Boost logo

Boost :

Subject: Re: [boost] Interest in StaticVector - fixed capacity vector
From: Andrew Hundt (athundt_at_[hidden])
Date: 2011-10-18 13:44:10

On Sat, Oct 15, 2011 at 5:16 PM, Nathan Ridge <zeratul976_at_[hidden]> wrote:
> After reading this thread again, it seems to me that the reason we
> can't reach an agreement is that different people are proposing
> two fundamentally different ways of using static_vector:
>   1) As a variant of [std|boost]::array where not all the elements are
>       constructed/used at the same time, and which keeps track of
>       how many elements are currently in use.
>   2) As a variant of std::vector which keeps its memory on the
>       stack, and which is used, literally, as a drop-in replacement
>       for std::vector, in the sense that the developer was using
>       std::vector, but then identified that in non-exceptional
>       situations the actual number of elements used is below a
>       certain threshold, and the program could use the
>       optimization of not allocating memory dynamically.
> It's clear to me that for use (1), exceeding the bound of the
> static_vector is a logic error and therefore should be undefined
> behaviour, whereas for (2), exceeding the bound of the static_vector
> is not a logic error and therefore throwing an exception is
> reasonable.
> My own previous arguments for not throwing were based on the
> assumption that the use case is (1), without giving (2) much thought.
> It's been suggested (including by me) that we use a policy or other
> technique for accommodating both use cases within the same class.
> However, upon some reflection, I'd like to propose something more
> drastic:
> Let's not have a class that serves two conceptually different
> purposes at all. It would confuse people, and lead to more buggy
> code, as developers conflate these two fundamentally different
> concepts in their head because they are both served by the same
> class.
> Of course, both use cases are worthwhile and deserve having
> a class for them in boost, and one's push_back should assert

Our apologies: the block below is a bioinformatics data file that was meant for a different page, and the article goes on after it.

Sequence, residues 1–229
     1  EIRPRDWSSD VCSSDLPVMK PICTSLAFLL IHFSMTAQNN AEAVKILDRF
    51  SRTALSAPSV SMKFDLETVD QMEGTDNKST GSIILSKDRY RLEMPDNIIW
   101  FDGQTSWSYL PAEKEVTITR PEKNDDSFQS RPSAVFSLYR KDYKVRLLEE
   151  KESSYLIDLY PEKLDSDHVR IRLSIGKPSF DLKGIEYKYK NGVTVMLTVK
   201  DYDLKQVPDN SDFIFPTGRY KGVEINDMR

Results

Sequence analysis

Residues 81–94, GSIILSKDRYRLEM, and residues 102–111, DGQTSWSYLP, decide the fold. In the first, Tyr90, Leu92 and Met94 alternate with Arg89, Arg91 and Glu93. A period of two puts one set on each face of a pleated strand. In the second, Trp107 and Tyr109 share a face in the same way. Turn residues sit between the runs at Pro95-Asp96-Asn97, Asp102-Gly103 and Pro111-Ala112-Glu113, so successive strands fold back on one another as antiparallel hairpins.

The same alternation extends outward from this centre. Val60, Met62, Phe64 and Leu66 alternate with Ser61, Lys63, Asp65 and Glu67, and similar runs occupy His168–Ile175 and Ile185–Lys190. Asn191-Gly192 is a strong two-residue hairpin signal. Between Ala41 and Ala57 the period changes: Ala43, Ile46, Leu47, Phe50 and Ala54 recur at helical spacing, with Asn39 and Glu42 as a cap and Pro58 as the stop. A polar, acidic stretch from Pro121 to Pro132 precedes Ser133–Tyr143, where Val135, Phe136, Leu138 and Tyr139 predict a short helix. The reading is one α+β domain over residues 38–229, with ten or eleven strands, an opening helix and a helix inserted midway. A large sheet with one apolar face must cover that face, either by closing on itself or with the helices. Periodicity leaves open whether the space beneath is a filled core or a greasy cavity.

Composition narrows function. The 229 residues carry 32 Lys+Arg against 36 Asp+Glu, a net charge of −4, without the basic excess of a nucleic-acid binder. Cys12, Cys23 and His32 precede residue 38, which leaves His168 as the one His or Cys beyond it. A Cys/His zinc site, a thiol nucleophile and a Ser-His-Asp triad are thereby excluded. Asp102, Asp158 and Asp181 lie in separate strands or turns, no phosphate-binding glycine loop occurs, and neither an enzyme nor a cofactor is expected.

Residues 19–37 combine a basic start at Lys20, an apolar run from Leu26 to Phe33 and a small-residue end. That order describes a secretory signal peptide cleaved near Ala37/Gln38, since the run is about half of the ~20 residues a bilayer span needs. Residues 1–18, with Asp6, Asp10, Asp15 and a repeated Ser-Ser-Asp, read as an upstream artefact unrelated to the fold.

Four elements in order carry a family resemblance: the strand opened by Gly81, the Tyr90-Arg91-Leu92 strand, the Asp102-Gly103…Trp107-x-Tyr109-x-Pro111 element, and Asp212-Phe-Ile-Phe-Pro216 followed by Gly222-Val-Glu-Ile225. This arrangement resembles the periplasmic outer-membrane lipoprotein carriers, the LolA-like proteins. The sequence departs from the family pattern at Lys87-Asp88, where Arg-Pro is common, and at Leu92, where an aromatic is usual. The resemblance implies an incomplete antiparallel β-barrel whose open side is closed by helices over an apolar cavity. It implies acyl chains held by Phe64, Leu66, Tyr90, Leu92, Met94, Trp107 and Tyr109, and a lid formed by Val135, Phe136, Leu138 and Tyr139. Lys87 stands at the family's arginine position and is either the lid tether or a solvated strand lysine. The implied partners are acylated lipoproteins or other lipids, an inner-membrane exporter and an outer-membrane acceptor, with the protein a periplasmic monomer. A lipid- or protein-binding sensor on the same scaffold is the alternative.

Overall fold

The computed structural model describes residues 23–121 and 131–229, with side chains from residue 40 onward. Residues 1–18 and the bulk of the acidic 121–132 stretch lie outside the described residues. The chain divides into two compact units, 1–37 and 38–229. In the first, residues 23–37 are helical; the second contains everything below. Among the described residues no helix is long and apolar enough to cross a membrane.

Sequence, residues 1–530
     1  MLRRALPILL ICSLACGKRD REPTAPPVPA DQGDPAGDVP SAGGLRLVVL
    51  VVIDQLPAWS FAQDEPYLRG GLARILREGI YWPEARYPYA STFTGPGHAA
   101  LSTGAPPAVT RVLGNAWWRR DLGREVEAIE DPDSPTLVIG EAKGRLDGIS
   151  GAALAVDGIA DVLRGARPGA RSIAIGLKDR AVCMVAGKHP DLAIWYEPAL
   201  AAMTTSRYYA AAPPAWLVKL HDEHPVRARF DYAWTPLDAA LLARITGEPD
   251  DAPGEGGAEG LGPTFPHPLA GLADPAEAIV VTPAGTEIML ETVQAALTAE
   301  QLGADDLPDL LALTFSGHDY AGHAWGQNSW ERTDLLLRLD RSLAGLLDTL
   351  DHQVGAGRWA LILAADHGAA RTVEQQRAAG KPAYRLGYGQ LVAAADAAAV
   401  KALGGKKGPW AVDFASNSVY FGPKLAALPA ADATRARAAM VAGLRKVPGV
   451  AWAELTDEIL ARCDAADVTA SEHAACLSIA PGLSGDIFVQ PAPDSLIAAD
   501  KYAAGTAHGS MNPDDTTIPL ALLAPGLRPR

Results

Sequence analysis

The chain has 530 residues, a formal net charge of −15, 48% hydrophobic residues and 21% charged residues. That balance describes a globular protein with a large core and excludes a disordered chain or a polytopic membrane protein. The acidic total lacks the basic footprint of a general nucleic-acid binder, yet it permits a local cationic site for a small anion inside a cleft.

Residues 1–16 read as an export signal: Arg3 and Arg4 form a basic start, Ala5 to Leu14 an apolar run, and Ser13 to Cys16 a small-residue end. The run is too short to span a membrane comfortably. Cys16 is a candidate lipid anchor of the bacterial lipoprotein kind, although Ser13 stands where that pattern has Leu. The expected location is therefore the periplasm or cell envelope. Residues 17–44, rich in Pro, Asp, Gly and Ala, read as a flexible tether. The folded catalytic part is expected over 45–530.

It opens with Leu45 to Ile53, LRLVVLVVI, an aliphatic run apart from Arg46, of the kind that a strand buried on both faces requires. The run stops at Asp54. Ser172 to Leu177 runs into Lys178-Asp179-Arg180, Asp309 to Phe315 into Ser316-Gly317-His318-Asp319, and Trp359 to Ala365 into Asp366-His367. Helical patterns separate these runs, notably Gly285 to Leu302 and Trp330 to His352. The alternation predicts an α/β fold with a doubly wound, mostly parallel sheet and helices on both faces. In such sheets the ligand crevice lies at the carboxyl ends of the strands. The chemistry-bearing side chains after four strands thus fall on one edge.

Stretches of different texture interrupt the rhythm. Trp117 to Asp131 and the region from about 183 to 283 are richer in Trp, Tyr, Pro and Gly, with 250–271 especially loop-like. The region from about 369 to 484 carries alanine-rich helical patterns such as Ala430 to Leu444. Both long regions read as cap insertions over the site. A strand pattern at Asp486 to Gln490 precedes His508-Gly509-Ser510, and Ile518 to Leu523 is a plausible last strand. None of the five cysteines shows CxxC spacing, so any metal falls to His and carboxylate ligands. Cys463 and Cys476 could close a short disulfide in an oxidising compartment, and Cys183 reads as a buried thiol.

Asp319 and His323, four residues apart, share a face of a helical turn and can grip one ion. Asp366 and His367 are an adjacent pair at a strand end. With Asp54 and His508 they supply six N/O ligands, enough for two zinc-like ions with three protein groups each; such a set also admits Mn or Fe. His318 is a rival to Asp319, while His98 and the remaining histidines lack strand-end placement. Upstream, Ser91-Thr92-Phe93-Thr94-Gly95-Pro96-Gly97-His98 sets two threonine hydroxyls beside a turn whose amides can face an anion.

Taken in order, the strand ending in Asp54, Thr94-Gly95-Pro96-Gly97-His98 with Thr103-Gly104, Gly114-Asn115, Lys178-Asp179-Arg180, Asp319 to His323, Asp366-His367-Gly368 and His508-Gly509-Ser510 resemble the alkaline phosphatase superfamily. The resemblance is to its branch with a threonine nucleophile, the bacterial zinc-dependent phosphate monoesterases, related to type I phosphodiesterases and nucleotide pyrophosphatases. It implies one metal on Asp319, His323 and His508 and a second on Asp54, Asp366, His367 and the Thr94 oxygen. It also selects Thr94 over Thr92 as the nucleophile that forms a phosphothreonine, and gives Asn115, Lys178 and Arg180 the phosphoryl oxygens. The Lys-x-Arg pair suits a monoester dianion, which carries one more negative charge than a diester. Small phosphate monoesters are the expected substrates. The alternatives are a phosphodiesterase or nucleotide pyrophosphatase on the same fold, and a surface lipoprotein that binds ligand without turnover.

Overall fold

> and the other's should throw. We can call one capacity_array
> and the other stack_vector, or whatever better names we come
> up with - but let's not give them the same name, when they are
> very different beasts.
> Now the implementor of these classes can implement them like this:
> typedef boost::detail::static_vector<T, AssertPolicy> capacity_array;
> typedef boost::detail::static_vector<T, ThrowPolicy> stack_vector;
> if they so choose - but the user doesn't need to know that, and should
> not have access to the underlying static_vector class, which does not
> correspond to any clear concept.
> Regards,
> Nate
> _______________________________________________
> Unsubscribe & other changes:

Nate seems to have provided the best analysis of the situation that I
have seen in the thread.

> But isn't use-case 2 much better served by a vector that degrades
> gracefully by falling back to using the heap? I just can't see how
> throwing serves anyone's purpose well.

As Dave Abrahams suggests, I agree that the best behavior for case (2)
is falling back to the heap after exhausting the buffer, which
conveniently fits the functionality provided by AutoBuffer. Therefore,
I think StaticVector should focus on use case (1).

I'll probably attempt to make StaticVector fulfill use case (1) with
bounds checking performed using assert, in a way that makes it viable
for use internally within AutoBuffer as well if the writer of that
library desired to. The way I see things, if I implement StaticVector
using assert, someone can inherit from my class and add exceptions if
desired. I may be mistaken, but one could not do the same the other
way around without any sacrifice, since some implementations of
exceptions incur performance penalties.

As for check/unchecked bounds, I'll start with push_back being
checked, and provide unchecked_push_back + unchecked_insert. I know it
is less popular than a policy based implementation but I feel like
there will be reduced overhead for compiler implementations with less
effective optimizations, though this is based only on others' comments
earlier on in the thread. Since this is (for me at least) designed to
also be useful for embedded applications which may have stricter
requirements, I find this to be a sensible choice.

Please rip my choices apart for me, so I can correct them now before I
write more code :-)

I have one additional question regarding the size. It was requested
that I use boost::uint_value_t<N>::least, but I am concerned this
would inhibit uses where one inherits from StaticVector to add
functionality such as what is found in AutoBuffer. Should I stick to
std::size_t, boost::uint_value_t<N>::least, or allow the size type to
be set with a template parameter?

Andrew Hundt

Boost list run by bdawes at, gregod at, cpdaniel at, john at